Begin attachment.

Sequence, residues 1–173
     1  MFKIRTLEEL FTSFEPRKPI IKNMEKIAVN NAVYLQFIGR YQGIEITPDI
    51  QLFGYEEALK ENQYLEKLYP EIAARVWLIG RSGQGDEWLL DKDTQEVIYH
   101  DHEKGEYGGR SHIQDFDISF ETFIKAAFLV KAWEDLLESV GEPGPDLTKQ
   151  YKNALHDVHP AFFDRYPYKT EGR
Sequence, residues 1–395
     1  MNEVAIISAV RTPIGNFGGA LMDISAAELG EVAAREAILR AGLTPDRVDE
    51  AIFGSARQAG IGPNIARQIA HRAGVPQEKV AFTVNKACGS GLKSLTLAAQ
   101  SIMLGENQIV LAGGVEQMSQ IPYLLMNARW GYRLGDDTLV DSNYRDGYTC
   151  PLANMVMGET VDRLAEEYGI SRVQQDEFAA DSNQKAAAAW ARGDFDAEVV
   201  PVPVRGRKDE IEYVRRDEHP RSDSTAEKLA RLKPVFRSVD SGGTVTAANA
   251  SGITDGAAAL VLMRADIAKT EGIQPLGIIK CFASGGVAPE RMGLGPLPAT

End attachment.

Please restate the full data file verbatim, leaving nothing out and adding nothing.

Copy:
Sequence, residues 1–173
     1  MFKIRTLEEL FTSFEPRKPI IKNMEKIAVN NAVYLQFIGR YQGIEITPDI
    51  QLFGYEEALK ENQYLEKLYP EIAARVWLIG RSGQGDEWLL DKDTQEVIYH
   101  DHEKGEYGGR SHIQDFDISF ETFIKAAFLV KAWEDLLESV GEPGPDLTKQ
   151  YKNALHDVHP AFFDRYPYKT EGR
Sequence, residues 1–395
     1  MNEVAIISAV RTPIGNFGGA LMDISAAELG EVAAREAILR AGLTPDRVDE
    51  AIFGSARQAG IGPNIARQIA HRAGVPQEKV AFTVNKACGS GLKSLTLAAQ
   101  SIMLGENQIV LAGGVEQMSQ IPYLLMNARW GYRLGDDTLV DSNYRDGYTC
   151  PLANMVMGET VDRLAEEYGI SRVQQDEFAA DSNQKAAAAW ARGDFDAEVV
   201  PVPVRGRKDE IEYVRRDEHP RSDSTAEKLA RLKPVFRSVD SGGTVTAANA
   251  SGITDGAAAL VLMRADIAKT EGIQPLGIIK CFASGGVAPE RMGLGPLPAT